10 habits of people who have great relationships

I’ve always thought that falling in love is easy, but staying there is much harder.

After all the butterflies subside, real relationships take commitment and effort. The people who have the happiest, healthiest and strongest relationships put the work in.

Here are the habits that they’ve mastered…

1) They practice vulnerability so they can truly open up

You cannot have a close relationship without vulnerability. Period. Neither can you have a sincere one.

Vulnerability is so terrifying because it lays you bare. It demands that we share, and in doing so, expose ourselves.

So it’s no surprise that it feels hella uncomfortable. 

Most of us have gotten good at playing pretend and wearing masks in an attempt to protect ourselves.

That’s why being vulnerable is a habit we need to instill within our relationships early on. It is a conscious choice for the sake of creating deep and genuine bonds with others.

We can all learn to get better at being vulnerable by:

  • Being honest about our feelings and thoughts
  • Expressing our future hopes for our relationships
  • Daring to invite feedback
  • Working on our own confidence and self-esteem

2) They make time and prioritize the people who matter most

Plenty of relationships go under when two people drift apart. Life can get busy and the truth is that priorities will shift.

You may need to put in extra hours at work. Your family or friends may be having issues that demand more of your time and attention.

There are only so many hours in the day. But ultimately, people with the best relationships aim to make time for one another.

Their status never slips too far from the top slot of priorities.

Ultimately, people who have great relationships value their bonds as one of the most significant areas of their lives.

They see them as integral to their overall feelings of belonging and life satisfaction.

Prioritizing each other in a relationship can look like this:

  • Having weekly date nights
  • Turning down other commitments to make more space for your partner
  • Making uninterrupted time to talk every day (without distractions like TV/phones, etc.)

3) They deal with conflict in a healthy way

Conflict resolution is a key part of any great relationship.

Because no matter how good you are together, there will be bad times. It’s inevitable. And your survival as a couple depends on how well you navigate those times.

That means:

  • Learning how to swallow your pride
  • Saying sorry when you are wrong, and also when your words or actions have wounded
  • Trying to see things from another side.

Part of having healthy disagreements is learning to forgive and forget. Rather than dwelling on spats, people in great relationships make a choice to let that shit go.

But it also means being prepared to have the tough talks in the first place.

One of my biggest failings in previous relationships that didn’t work out was trying to sweep things under the rug.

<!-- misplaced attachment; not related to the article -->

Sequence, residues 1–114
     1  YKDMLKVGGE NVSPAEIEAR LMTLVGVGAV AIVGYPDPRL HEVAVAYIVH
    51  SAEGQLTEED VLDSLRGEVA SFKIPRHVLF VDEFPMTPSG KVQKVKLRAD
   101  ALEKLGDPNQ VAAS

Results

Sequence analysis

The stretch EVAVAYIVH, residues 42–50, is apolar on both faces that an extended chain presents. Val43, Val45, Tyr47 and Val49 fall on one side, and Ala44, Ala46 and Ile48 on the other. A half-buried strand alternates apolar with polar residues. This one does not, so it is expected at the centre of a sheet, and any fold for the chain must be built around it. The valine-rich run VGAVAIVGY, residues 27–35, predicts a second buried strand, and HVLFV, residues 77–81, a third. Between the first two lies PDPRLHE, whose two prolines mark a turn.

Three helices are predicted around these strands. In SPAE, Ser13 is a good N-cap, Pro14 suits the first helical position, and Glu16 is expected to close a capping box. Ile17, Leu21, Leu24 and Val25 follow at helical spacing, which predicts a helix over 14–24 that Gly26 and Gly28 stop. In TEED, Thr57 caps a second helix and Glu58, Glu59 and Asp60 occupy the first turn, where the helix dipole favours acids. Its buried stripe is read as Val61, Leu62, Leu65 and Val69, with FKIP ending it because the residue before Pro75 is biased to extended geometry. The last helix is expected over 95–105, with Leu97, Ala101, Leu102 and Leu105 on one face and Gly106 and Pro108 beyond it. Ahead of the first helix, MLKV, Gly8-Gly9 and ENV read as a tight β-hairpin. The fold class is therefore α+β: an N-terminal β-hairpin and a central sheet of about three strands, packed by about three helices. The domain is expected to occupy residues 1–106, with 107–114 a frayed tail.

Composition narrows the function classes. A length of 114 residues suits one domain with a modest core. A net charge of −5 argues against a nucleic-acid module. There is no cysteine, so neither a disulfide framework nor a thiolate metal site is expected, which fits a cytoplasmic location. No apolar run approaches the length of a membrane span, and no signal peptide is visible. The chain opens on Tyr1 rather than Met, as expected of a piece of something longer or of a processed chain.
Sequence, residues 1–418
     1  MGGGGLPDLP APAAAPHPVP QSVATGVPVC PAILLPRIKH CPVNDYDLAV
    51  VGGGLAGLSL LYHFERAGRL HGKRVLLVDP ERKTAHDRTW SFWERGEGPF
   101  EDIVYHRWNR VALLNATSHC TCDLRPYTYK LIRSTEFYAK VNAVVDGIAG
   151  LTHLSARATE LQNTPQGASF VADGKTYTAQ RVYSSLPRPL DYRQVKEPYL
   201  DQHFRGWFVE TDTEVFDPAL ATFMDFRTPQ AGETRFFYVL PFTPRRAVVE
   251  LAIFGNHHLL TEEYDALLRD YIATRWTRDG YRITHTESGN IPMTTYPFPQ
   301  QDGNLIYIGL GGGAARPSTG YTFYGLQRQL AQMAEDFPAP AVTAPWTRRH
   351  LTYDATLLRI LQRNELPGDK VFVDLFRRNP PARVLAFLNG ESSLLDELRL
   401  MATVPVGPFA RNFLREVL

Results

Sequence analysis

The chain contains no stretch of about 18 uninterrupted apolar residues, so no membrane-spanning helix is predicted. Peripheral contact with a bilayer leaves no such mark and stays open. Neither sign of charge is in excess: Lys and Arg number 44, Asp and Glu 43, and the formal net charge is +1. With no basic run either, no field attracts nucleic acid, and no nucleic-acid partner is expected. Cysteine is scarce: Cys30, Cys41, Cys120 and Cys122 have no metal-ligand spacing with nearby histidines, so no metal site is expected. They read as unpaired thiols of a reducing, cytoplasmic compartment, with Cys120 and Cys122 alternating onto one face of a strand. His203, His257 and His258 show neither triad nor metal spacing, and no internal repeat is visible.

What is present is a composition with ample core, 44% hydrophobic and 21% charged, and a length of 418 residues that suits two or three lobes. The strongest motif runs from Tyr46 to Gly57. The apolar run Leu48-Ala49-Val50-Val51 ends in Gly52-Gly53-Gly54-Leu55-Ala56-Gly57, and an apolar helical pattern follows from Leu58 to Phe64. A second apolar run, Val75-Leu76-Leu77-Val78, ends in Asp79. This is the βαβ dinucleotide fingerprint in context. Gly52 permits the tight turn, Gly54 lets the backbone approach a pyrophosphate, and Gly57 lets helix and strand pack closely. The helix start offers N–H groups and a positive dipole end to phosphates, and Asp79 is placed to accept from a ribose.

I thought it was a good sign that we never argued — but it was quite the opposite.

I was trying to avoid rocking the boat, but in doing so we kept our true needs and wants to ourselves.

4) They talk openly about what they want

Another essential part of creating good communication within a relationship is learning to vocalize what it is you need and want from someone.

But it’s actually quite shocking how often we can fail to do this.

On too many occasions we make assumptions instead of just asking. We may be scared of the answers we will get and prefer to live with blind hope.

We expect our other halves to read our minds and can feel let down when they can’t.

The only way you can understand one another in any relationship is by being really upfront:

  • Letting each other know your non-negotiables and your preferences
  • Checking whether your bigger life goals and timelines align
  • Discovering whether you have the same values and want the same things out of life

People who have great relationships know that real talk is vital.

That’s not the same as tactless talk, of course. Considerate words are like the oil that helps to keep the relationship machine running smoothly.

5) They are mindful of their words

Words are really powerful. They can hurt and they can heal.

That means for the sake of happy relationships we can’t go throwing around cruel words and expect it not to do some serious damage.

Sure, we can all say things that we don’t mean in the heat of the moment. But over time, it can erode trust and respect.

Conversely, words of praise and gratitude are like a magic tonic. It’s how we feel appreciated and recognized.

We’re talking about:

  • Making kind observations
  • Offering encouragement
  • Giving compliments freely
  • Actively looking for the best in our partner
  • Showing appreciation and gratitude for the things they do for us

6) They have realistic expectations

So many relationships don’t make it because they fall short of being the fairytale we were perhaps hoping for.